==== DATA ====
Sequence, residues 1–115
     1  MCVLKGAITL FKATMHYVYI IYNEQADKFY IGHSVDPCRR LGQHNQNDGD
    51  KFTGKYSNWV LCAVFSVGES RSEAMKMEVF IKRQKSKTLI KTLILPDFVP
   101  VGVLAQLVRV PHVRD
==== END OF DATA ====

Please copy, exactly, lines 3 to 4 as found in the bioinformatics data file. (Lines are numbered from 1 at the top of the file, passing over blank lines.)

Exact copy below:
    51  KFTGKYSNWV LCAVFSVGES RSEAMKMEVF IKRQKSKTLI KTLILPDFVP
   101  VGVLAQLVRV PHVRD